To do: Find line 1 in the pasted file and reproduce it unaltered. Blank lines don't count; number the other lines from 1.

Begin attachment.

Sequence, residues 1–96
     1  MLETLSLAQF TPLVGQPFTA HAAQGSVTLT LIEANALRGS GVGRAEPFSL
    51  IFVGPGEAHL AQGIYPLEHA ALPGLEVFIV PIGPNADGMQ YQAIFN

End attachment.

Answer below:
Sequence, residues 1–96